“Well he’ll be missed by somebody,” Bossy said. “But probly not too much by me.’ He stood and asked, “Shrill, you finish the deal on the bayou yet?”
She walked behind the counter again, “Almost, gotta file the papers is all. Gonna do that today, soon as you get them ox out the street,” she playfully said.
“Taylor, how ‘bout you an me go on out to look over the lumber in Graveline? It’s almost ours and I’d like to get it sold quick. I’ll tell you ‘bout the time my oxen got loose and wandered out to my in-law’s whiskey still.”
A fast friendship and a new business deal. Things were looking up for Taylor. Maybe moving to this country was not going to be so bad after all.
Biloxi-7 August 1922
A baseball game was in progress as Ernest Desporte walked up to the stands. It looked like the hastily thrown together ballpark it was but there were plans for a better field for next year on the old Naval Reserve Park. Once the field was moved there could be some thought about what might be built here at the corner of Lee and Division Street. The city would probably finish Division Street before worrying about that though.
The park was an expanse of property ripe for all kinds of development once the city shed the seafood only label his father and grandfather has fought so hard for. That change was one that would pick up steam quickly now thanks to their actions of the last few days.
The stands were wooden benches on wooden supports that wrapped around the bases from first to third getting taller in the middle. The crowd was larger than Desporte expected to see on a Monday. Then again, with DeJean’s closed for rebuilding maybe there was nothing for most of the crowd to be doing anyway.
With his back to the game, he scanned the crowd looking for Luis Diaz. It felt wrong to call this field a stadium even though there were three boxes near the top of the stands. The center box and the one headed toward first were half-filled. The box on the third base side was empty, except for Diaz.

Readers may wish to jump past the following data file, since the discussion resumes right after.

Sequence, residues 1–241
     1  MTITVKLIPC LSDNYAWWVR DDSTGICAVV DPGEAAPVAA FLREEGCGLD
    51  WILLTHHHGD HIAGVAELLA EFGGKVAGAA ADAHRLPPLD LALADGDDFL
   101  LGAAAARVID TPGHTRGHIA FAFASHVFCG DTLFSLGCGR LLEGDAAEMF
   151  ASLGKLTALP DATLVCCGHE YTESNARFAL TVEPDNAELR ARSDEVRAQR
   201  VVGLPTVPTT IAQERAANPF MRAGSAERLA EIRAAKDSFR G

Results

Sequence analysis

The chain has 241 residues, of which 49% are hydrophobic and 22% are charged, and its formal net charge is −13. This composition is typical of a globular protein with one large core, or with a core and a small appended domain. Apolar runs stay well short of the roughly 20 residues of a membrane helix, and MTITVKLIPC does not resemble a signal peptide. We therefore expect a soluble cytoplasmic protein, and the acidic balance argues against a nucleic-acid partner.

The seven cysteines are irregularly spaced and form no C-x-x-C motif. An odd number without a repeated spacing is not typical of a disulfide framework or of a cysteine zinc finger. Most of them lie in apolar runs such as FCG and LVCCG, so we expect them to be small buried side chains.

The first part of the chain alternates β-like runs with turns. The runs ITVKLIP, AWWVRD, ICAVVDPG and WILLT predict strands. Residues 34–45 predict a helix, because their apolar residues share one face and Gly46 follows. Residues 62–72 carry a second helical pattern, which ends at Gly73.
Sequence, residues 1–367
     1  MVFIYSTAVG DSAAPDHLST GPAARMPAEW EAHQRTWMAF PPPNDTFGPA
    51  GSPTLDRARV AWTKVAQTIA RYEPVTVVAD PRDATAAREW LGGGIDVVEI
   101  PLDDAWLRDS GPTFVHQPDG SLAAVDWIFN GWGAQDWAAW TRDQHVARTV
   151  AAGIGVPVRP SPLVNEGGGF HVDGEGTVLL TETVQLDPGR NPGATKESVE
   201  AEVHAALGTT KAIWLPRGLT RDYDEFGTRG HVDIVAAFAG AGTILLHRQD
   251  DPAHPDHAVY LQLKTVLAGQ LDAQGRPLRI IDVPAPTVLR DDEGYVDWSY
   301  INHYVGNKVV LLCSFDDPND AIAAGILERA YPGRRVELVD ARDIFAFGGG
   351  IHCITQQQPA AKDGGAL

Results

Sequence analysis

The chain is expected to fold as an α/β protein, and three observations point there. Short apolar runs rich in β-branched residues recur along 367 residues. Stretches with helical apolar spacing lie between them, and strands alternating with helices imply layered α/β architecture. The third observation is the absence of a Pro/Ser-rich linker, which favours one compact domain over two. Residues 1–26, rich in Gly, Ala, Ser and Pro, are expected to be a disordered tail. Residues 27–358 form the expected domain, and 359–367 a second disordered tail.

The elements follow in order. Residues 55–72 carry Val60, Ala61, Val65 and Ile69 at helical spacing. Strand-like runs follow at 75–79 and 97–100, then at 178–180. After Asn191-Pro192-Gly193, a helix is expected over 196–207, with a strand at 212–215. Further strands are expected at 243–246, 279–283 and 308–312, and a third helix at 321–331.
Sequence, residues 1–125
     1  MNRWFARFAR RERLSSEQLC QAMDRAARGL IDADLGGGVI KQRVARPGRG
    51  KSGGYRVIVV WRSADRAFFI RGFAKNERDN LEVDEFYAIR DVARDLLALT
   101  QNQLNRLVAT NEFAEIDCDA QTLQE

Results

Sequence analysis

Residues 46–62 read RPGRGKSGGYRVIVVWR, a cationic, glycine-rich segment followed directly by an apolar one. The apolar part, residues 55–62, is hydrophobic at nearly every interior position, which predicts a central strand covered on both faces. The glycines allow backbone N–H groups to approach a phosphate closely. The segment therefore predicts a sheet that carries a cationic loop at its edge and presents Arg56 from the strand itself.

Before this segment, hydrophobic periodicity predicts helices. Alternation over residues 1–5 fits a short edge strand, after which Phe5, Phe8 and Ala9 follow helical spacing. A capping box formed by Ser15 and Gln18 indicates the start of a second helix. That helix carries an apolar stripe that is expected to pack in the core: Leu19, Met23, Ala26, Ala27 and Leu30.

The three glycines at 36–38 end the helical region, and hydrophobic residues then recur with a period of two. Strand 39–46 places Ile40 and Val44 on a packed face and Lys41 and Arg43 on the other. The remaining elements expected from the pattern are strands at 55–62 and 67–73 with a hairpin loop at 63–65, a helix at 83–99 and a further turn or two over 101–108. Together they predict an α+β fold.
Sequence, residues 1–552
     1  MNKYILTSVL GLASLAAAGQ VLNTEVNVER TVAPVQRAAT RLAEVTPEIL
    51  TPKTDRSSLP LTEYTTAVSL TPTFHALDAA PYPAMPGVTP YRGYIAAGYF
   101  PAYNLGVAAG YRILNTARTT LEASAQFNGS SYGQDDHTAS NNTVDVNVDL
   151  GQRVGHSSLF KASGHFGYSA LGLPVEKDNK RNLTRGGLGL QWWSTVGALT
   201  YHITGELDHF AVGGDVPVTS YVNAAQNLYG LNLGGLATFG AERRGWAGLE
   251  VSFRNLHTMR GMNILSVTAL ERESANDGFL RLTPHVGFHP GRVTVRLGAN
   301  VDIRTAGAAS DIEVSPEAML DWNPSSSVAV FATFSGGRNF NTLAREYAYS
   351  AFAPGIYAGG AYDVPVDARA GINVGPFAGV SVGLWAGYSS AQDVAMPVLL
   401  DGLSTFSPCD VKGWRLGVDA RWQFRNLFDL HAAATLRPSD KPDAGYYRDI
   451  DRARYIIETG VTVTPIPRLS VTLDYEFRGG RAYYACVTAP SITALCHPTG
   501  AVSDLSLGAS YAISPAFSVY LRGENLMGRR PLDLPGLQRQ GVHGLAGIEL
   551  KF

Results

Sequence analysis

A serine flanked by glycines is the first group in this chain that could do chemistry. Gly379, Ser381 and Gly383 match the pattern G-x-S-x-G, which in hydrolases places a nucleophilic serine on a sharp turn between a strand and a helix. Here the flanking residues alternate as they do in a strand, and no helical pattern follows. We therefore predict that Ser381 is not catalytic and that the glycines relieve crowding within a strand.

As he entered the box Diaz stood and extended a handshake without taking his attention off the field. “Have a seat,” he offered.
“This guy pitching,” started Diaz, “Biloxi picked him up back on June 10th. Bob Sutherland, he pitched in Texas and a couple of other leagues. About two weeks after he got here, he helped Biloxi beat the Mobile Creamdales. That would’ve been a game to watch. The Creamdales were the fastest semi-pro team in Alabama.”
“And you missed it?” Desporte asked with a chuckle, “Why was that?”
Diaz gave a hard glance at Desporte, “My brother had me babysitting a boat.”
“We didn’t know about him just yet,” Desporte held up his hands. “Sorry you missed the game.”
“Yeah, well, I guess he showed his true colors now. He fooled me, I didn’t even know he had been working with your Pop.”
“I’d love to say we knew it and worked him the whole time but we didn’t. Near the end Woods thought he might flip on us, we just needed his help too much to cut him out.” Desporte waved at a peanut vendor walking up and down the aisles below the box. “It never occurred to us you’d be more critical to our plan than him anyway.”
The peanut vendor threw a bag which Diaz intercepted with one hand. The vendor nodded in respect for a nice catch as Desporte handed change out the window for another spectator to pass the for payment.
Handing over the bag he said, “They found Henry’s car not far from the DeJean place. Bills blamed him for the fire. Said he’d uncovered documents where Henry was claiming ownership of the place. But Bills called them void because it was an alcohol-related debt.”
A half-laugh came from Desporte’s peanut-filled mouth. Swallowing he said, “That was before they found Dad’s body. Bills was loyal to the end. More afraid of the old man then getting justice wrong.”
“I guess we all misjudged him. He’s gone now, no one knows where, and I never figured he’d ever leave Biloxi.” Diaz turned back to watch the game.
They watched in silence as the inning ended and Sutherland again took the mound.
“Looks like they could take both games of the doubleheader. They have never done that. And this New Orleans team is the best semi-pro team in all of Louisiana,” said Diaz.